Keith Street, Hamilton, South Lanarkshire, ML3 7BL
Architect: James McKissack Listing: B-Listed (1979) No of Seats: 1,297
Status: Building at Risk Opened: 1921 Closed: 1960
Other information: Opened 3.21 by T. Ormiston. Arch. J. McKissack. s. 1,297. Sold to Gaumont, 3.28. Renamed Gaumont, 10.4.50. Cl. 5.11.60. Vogue Bingo until 1997. Due for demolition, though facade to be kept. Extant, 7.02. B-listed
The La Scala cinema, in Keith Street, Hamilton, opened in 1921, to the designs of architect James McKissack – also designer of the La Scala, Sauchiehall Street (1912), the Kingsway (1929) in Cathcart, the Riddrie (1938), the Mecca (1933), and many more. It was originally opened for the small circuit of around a dozen Scottish cinemas run by Thomas Ormiston.
The Ormiston cinemas were sold to Gaumont in 1928, but the Hamilton La Scala was not given the circuit name until 1950. Closure as a cinema came only ten years later, which seems inevitable given the cinema’s very close proximity to the much more modern ABC and Odeon halls in Hamilton, opened in 1931 and 1938 respectively.
Following the end of films, the La Scala was converted for bingo use as the Vogue. It continued on bingo for some time, being B-listed by Historic Scotland as far back as 1979, before finally closing in 1997.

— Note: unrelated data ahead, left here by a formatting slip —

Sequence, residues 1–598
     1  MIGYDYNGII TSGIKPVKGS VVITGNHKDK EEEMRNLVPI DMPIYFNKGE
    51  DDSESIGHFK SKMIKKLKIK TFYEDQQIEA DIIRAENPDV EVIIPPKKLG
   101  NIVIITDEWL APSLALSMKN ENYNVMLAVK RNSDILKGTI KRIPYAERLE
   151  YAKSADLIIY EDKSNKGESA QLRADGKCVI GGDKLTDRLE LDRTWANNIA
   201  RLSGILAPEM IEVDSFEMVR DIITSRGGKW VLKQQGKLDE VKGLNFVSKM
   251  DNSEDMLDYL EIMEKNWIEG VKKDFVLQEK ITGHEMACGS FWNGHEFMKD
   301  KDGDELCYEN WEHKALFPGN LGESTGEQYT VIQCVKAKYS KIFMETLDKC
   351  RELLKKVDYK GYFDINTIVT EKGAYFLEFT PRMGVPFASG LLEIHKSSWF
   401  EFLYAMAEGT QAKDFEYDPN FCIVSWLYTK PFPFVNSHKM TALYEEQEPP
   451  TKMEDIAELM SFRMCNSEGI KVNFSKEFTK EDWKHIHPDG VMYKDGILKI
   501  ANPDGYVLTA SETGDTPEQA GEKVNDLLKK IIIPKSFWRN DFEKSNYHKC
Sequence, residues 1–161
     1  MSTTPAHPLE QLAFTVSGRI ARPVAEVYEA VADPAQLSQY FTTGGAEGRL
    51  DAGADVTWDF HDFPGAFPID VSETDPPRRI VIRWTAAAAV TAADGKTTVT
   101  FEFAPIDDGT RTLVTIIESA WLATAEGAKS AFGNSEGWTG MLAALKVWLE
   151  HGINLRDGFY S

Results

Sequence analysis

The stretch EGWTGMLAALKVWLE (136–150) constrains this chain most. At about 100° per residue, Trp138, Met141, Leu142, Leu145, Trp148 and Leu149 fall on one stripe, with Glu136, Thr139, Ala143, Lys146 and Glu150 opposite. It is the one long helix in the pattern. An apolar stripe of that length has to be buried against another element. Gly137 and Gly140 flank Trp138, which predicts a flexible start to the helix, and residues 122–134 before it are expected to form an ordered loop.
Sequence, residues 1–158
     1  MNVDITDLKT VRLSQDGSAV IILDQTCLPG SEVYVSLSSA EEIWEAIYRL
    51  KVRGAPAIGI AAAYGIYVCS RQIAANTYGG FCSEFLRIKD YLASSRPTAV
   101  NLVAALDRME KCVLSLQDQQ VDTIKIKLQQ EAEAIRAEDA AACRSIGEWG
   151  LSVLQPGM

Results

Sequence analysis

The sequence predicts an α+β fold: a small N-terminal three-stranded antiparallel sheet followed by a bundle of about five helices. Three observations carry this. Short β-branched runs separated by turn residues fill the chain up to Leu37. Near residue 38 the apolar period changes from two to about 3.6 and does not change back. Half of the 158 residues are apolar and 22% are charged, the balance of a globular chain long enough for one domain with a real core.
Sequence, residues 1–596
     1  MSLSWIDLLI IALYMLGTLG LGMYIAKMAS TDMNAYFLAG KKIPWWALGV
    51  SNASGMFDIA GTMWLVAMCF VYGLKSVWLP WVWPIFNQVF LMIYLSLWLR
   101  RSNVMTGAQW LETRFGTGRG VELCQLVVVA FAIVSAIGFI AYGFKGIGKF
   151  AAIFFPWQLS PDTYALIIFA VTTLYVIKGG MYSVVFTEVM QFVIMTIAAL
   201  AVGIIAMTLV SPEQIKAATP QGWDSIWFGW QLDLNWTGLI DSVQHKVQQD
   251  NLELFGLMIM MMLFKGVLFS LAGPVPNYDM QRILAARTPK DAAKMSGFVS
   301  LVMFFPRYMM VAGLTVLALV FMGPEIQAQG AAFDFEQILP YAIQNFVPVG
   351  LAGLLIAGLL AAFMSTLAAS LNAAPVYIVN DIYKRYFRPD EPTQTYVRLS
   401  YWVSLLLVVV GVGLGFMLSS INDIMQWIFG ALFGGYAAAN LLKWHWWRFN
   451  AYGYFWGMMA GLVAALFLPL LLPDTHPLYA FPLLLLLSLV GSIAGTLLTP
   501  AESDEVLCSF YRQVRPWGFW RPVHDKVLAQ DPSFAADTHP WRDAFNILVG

It has been derelict since then, and after a period of uncertainty, is now owned by South Lanarkshire Council. In 2005, planning permission was granted for a developer which involved demolition of the auditorium area for restaurant and leisure use, although the façade will be retained. It should be noted, however, that similar plans involving the demolition of the auditorium and retention of the façade were approved in 1999 and 2001, neither of which came to fruition.
In the meantime, 8 years of dereliction has not been kind to the structure, and water damage from both burst pipes and ceiling leaks have resulted in failure of both floors and ceilings, mostly in the foyer and rear stalls area. Work to strip out asbestos has also resulted in the loss of most of the auditorium wall covering, and the ceiling between the barrel-vaulted ribs.
The exterior includes an unusual feature of two tall, free-standing poster boards, on either side of a recessed portico entranceway. This is flanked by tall Egyptian-style pillars, decorated with pattern of overlapping scales, similar to those McKissack had utilised for the entrance of his (unrelated) La Scala in Glasgow 9 years previously.
Marble stairs, now sadly fragmentary, led from the street to a central exterior paybox, situated in the middle of the recessed portion of the facade, with doors on either side leading to the main foyer regions. The bright, faience finish of the portico area of the façade was contrasted by the pair of red brick towers at either corner. These were topped by open wooden “bell towers”, which were themselves capped with pyramid-shaped roofs, joined along the top of the full width of the façade with open balustrades and a central stone name panel.
The exterior paybox looking directly onto the street was something McKissack would return to for another project with limited foyer space, namely the 1929 Kingsway. Other similarities with this later cinema include the foyer spaces being wider than they are deep, and featuring high, tapering ceilings.